Willimantic, Hartford Men Plead Guilty to Federal Drug Charges
OCT 31--June W. Stansbury, Special Agent in Charge of the Drug Enforcement Administration in New England and Kevin J. O’Connor, United States Attorney for the District of Connecticut, today announced that two more individuals involved in a Hartford and Willimantic narcotics trafficking ring have pleaded guilty in Hartford federal court. Earlier today, before Senior United States District Judge Alfred V. Covello, SAMMY HAYES, age 49, of Willimantic, pleaded guilty to one count count of conspiracy to possess with intent to distribute heroin, and CARLOS AMILCAR ORTIZ, age 52, of Hartford, pleaded guilty to one count of conspiracy to possess with the intent to distribute cocaine.
This matter stems from an Organized Crime and Drug Enforcement Task Force (“OCDETF”) investigation dubbed “Operation SAPO,” which began in late 2004 and was spearheaded by the U.S. Drug Enforcement Administration. On August 10, 2005, a federal grand jury sitting in Hartford returned an 18-count indictment charging 23 individuals with various narcotics offenses, primarily related to the distribution of heroin. To date, 20 of the 23 charged defendants have pleaded guilty.
According to documents filed with the Court and statements made in court, beginning in the fall of 2004, the DEA began an investigation of Luis Camacho, a drug trafficker operating in Southbridge, Massachusetts. Following several controlled purchases of narcotics, including heroin, cocaine and methamphetamine, from Camacho, a wiretap investigation of Camacho began in late March 2005. During the course of that wiretap, it was quickly learned that Camacho’s heroin supplier was Alfredo Aguilar of Willimantic. A subsequent wiretap investigation of Aguilar revealed that he operated an extensive heroin trafficking operation involving several other Willimantic-area residents, and that Aguilar was supplied with approximately one-half of one kilogram of heroin on a monthly basis by Jose del los Santos Rubio Betancurth of Hartford and Juan Carlos Velez of New Britain, which Aguilar and others redistributed.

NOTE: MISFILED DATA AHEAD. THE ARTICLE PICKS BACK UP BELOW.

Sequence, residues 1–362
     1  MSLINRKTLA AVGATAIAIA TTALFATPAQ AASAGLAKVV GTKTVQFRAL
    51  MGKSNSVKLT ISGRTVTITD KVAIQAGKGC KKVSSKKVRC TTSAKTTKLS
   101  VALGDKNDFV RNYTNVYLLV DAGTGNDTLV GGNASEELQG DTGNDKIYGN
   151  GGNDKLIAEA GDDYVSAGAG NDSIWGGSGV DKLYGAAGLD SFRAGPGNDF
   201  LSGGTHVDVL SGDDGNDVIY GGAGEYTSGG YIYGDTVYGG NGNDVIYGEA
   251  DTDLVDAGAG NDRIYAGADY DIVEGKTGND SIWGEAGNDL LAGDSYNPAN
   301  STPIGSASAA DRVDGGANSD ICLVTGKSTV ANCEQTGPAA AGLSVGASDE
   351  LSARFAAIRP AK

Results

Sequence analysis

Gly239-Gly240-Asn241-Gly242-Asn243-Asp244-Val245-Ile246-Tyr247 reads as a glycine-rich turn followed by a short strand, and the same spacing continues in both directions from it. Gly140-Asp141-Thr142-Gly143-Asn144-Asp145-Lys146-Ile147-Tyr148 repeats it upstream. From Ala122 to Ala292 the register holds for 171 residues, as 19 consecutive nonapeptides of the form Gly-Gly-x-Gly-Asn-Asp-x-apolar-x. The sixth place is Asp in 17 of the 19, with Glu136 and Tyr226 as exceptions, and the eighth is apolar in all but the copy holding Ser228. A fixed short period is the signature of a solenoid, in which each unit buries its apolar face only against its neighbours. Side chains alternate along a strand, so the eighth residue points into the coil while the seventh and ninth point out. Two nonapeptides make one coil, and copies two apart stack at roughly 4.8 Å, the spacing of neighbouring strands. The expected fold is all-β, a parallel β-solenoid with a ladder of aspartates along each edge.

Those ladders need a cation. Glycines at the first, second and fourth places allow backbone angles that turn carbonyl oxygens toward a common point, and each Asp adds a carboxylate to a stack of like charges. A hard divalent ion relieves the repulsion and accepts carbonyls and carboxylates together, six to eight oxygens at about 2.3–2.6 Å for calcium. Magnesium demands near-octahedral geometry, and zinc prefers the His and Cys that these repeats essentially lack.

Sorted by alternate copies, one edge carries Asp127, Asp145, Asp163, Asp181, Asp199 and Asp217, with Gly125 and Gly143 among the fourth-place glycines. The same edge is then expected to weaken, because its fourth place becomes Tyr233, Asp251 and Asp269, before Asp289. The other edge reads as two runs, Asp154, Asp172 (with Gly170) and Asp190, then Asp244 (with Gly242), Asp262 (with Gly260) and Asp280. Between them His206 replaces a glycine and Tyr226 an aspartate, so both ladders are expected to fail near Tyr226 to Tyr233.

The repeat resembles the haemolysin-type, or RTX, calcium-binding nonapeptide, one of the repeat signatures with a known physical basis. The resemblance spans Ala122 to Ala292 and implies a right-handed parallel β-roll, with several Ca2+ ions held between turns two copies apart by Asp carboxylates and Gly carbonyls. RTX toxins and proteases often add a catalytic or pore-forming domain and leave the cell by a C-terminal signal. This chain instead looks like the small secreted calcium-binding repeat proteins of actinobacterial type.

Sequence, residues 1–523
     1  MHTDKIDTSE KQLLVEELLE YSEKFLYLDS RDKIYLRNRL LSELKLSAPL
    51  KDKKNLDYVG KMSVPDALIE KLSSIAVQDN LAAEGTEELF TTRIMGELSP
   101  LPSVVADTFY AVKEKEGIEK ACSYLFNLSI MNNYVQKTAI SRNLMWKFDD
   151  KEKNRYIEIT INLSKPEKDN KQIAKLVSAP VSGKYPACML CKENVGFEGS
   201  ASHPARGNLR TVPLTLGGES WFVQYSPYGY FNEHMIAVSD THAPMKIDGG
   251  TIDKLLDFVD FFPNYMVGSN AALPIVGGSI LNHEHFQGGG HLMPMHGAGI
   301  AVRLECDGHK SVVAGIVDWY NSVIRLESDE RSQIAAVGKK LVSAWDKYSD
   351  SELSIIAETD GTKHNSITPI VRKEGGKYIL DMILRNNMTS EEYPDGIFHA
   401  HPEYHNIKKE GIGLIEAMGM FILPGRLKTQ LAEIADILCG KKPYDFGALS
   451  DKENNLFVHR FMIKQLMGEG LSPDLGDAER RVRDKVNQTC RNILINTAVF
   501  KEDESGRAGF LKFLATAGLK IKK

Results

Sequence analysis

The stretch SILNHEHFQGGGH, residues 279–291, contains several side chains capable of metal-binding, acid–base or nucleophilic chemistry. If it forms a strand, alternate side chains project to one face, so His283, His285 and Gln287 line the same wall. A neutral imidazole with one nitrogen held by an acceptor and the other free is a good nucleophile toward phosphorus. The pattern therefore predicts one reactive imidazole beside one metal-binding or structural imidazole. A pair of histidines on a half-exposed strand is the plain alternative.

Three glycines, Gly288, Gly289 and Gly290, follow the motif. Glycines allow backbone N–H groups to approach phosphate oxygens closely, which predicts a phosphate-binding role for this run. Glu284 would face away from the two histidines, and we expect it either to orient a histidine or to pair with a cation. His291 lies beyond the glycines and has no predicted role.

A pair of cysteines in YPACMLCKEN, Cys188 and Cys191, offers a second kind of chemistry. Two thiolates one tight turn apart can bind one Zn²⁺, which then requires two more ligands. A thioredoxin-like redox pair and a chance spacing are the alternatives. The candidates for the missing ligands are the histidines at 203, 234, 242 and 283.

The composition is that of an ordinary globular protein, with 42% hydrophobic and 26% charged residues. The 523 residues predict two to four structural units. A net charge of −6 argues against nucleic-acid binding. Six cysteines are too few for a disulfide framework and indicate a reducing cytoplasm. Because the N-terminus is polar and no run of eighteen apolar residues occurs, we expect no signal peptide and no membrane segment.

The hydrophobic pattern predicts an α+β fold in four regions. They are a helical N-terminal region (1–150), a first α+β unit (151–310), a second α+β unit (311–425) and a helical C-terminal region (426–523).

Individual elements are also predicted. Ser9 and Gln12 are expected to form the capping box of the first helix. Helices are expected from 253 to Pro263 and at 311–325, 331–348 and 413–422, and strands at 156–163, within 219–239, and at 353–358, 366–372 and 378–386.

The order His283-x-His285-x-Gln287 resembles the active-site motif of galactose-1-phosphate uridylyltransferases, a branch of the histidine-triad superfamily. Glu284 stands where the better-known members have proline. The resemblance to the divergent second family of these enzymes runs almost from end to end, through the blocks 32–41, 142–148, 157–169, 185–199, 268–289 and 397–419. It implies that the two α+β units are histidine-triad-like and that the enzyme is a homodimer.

The wiretap revealed that Aguilar regularly supplied HAYES with redistribution quantities of heroin, and that Velez regularly supplied ORTIZ with redistribution quantities of cocaine.
Searches at the conclusion of the four-month wiretap investigation resulted in the seizure of approximately 2 kilograms of cocaine, 350 grams of heroin, 400 grams of methamphetamine, two handguns and cash.
Judge Covello has scheduled sentencing for January 18, 2006, at which time HAYES and ORTIZ each face a maximum term of imprisonment of 20 years.
Camacho, Aguilar, Betancurth and Velez have pleaded guilty to various narcotics trafficking charges and each awaits sentencing.
Willimantic is a Department of Justice recognized and funded Weed and Seed site. Weed and Seed is a Department of Justice strategy that aims to prevent, control, and reduce violent crime, drug abuse, and gang activity in targeted high-crime neighborhoods across the country. Law enforcement agencies and prosecutors cooperate in “weeding out” criminals who participate in violent crime and drug abuse, attempting to prevent their return to the targeted area. “Seeding” brings human services to the area, encompassing prevention, intervention, treatment, and neighborhood revitalization.
This investigation was a collaborative effort of the Drug Enforcement Administration Hartford Resident Office, which included members of the Hartford, East Hartford, Southington, Manchester and West Hartford Police Departments, the Willimantic Police Department, the Connecticut State Police, Massachusetts State Police, the Southbridge, Massachusetts Police Department, the DEA Worcester, Massachusetts Resident Office, the State’s Attorney’s Office for the Judicial District of Windham and the United States Attorney’s Office.